While less effective than a steerable wheel, it gave the pilot some control of the direction the craft was moving while taxiing or beginning the takeoff run, before there was enough airflow over the rudder for it to become effective. Another form of control, less common now than it once was, is to steer using "differential braking", in which the tailwheel is a simple castering mechanism, the aircraft is steered by applying brakes to one of the mainwheels in order to turn in that direction; this is used on some tricycle gear aircraft, with the nosewheel being the castering wheel instead. Like the steerable tailwheel/skid, it is integrated with the rudder pedals on the craft to allow an easy transition between wheeled and aerodynamic control; the tailwheel configuration offers several advantages over the tricycle landing gear arrangement, which make tailwheel aircraft less expensive to manufacture and maintain. Due to its position much further from the center of gravity, a tailwheel supports a smaller part of the aircraft's weight allowing it to be made much smaller and lighter than a nosewheel.
As a result, the smaller wheel causes less parasitic drag. Because of the way airframe loads are distributed while operating on rough ground, tailwheel aircraft are better able to sustain this type of use over a long period of time, without cumulative airframe damage occurring. If a tailwheel fails on landing, the damage to the aircraft will be minimal; this is not the case in the event of a nosewheel failure, which results in a prop strike. Due to the increased propeller clearance on tailwheel aircraft less stone chip damage will result from operating a conventional geared aircraft on rough or gravel airstrips, making them well suited to bush flying. Tailwheel aircraft are more suitable for operation on skis. Tailwheel aircraft are easier to maneuver inside some hangars; the conventional landing gear arrangement has disadvantages compared to nosewheel aircraft. Tailwheel aircraft are more subject to "nose-over" accidents due to injudicious application of brakes by the pilot. Conventional geared aircraft are much more susceptible to ground looping.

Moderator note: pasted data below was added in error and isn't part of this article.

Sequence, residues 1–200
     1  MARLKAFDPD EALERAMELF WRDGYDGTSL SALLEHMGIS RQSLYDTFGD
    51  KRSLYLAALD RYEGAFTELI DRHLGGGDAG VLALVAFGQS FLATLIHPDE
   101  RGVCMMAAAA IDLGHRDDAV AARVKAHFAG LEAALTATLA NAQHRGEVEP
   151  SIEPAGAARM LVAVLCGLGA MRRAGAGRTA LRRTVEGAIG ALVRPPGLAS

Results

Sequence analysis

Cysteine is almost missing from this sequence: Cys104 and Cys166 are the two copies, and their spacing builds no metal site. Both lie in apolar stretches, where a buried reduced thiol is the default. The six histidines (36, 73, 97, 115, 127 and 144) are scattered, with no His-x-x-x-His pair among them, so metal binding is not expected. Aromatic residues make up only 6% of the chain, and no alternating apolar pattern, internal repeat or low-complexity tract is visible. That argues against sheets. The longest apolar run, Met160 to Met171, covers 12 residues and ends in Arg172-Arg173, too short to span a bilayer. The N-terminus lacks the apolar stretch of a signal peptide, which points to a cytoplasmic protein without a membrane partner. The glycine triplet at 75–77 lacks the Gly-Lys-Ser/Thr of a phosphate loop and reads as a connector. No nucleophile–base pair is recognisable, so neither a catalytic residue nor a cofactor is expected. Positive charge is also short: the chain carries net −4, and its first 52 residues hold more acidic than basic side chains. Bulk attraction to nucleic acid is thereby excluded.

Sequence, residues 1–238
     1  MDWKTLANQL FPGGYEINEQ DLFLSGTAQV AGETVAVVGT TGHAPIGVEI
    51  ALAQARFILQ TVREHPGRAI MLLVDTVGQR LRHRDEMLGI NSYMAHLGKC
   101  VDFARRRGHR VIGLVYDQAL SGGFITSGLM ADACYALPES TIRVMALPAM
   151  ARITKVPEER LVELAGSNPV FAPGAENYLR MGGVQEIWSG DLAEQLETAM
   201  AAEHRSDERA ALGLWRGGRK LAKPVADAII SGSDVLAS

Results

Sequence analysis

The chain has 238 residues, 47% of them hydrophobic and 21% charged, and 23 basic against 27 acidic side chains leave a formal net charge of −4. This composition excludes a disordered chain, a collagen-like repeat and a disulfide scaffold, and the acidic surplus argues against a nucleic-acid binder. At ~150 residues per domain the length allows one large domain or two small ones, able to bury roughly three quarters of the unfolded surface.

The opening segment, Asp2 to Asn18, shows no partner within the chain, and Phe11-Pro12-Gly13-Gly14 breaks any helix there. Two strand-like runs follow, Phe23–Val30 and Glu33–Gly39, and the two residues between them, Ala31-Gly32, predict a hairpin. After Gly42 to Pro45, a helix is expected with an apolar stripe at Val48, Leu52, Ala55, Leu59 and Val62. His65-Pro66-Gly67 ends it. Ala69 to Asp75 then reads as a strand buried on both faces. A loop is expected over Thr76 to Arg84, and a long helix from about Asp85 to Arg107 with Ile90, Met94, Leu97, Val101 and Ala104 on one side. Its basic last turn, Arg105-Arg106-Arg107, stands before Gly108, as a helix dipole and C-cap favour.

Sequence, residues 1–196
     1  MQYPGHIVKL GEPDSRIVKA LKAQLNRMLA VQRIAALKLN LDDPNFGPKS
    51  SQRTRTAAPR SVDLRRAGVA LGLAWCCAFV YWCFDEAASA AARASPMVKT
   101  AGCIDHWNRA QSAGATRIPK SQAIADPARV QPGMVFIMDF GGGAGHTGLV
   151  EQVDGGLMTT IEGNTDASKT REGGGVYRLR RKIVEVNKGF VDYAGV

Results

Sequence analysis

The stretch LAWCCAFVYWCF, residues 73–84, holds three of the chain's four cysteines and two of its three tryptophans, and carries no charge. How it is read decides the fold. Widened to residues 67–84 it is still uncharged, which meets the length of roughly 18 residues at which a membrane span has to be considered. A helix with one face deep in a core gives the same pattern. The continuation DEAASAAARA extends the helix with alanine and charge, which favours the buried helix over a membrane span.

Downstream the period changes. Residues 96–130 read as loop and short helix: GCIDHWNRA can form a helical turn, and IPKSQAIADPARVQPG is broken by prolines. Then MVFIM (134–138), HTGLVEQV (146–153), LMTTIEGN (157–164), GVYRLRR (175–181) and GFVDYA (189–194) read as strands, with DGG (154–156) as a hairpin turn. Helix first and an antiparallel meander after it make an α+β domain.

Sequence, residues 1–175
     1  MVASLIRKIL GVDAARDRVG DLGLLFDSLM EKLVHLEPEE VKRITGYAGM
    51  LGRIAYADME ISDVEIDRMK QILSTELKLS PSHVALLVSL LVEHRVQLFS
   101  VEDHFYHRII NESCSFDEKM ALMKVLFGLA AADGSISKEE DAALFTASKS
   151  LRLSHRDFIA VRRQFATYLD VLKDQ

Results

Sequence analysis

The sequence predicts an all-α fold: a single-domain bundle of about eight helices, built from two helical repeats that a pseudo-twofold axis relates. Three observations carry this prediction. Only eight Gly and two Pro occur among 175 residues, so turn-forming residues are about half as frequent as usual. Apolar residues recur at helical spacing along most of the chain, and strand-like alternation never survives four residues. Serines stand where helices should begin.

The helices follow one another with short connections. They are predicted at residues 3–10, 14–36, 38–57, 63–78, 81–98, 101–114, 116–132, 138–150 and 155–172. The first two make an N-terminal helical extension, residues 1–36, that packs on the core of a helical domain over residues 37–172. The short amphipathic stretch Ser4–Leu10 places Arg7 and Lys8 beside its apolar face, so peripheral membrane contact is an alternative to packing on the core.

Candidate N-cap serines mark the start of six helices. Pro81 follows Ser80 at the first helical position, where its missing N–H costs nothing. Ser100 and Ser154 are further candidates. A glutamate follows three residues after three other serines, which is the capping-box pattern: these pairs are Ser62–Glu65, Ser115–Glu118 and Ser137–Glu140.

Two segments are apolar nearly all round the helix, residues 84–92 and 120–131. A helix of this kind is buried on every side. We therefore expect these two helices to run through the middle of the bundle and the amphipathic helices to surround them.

A ground loop occurs when directional control is lost on the ground and the tail of the aircraft passes the nose, swapping ends, in some cases completing a full circle. This event can result in damage to the aircraft's undercarriage, wingtips and engine. Ground-looping occurs because, whereas a nosewheel aircraft is steered from ahead of the center of gravity, a taildragger is steered from behind, so that on the ground a taildragger is inherently unstable, whereas a nosewheel aircraft will self-center if it swerves on landing. In addition, some tailwheel aircraft must transition from using the rudder to steer to using the tailwheel while passing through a speed range when neither is wholly effective due to the nose high angle of the aircraft and lack of airflow over the rudder. Avoiding ground loops requires more pilot skill. Tailwheel aircraft suffer from poorer forward visibility on the ground, compared to nose wheel aircraft; this requires continuous "S" turns on the ground to allow the pilot to see where they are taxiing.